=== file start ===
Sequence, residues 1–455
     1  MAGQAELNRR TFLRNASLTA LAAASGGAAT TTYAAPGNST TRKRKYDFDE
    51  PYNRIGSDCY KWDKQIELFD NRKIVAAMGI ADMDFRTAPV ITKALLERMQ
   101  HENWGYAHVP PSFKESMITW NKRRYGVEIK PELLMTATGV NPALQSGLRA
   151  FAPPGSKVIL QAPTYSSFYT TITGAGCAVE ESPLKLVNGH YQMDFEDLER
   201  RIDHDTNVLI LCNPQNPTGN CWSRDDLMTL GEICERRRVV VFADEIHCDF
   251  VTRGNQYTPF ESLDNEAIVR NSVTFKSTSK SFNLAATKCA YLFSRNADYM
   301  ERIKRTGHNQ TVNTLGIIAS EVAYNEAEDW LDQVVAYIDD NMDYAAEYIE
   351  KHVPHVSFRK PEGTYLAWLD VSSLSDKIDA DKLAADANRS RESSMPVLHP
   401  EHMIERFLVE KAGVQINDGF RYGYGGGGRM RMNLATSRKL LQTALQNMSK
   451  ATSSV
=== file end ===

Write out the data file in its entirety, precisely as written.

Sequence, residues 1–455
     1  MAGQAELNRR TFLRNASLTA LAAASGGAAT TTYAAPGNST TRKRKYDFDE
    51  PYNRIGSDCY KWDKQIELFD NRKIVAAMGI ADMDFRTAPV ITKALLERMQ
   101  HENWGYAHVP PSFKESMITW NKRRYGVEIK PELLMTATGV NPALQSGLRA
   151  FAPPGSKVIL QAPTYSSFYT TITGAGCAVE ESPLKLVNGH YQMDFEDLER
   201  RIDHDTNVLI LCNPQNPTGN CWSRDDLMTL GEICERRRVV VFADEIHCDF
   251  VTRGNQYTPF ESLDNEAIVR NSVTFKSTSK SFNLAATKCA YLFSRNADYM
   301  ERIKRTGHNQ TVNTLGIIAS EVAYNEAEDW LDQVVAYIDD NMDYAAEYIE
   351  KHVPHVSFRK PEGTYLAWLD VSSLSDKIDA DKLAADANRS RESSMPVLHP
   401  EHMIERFLVE KAGVQINDGF RYGYGGGGRM RMNLATSRKL LQTALQNMSK
   451  ATSSV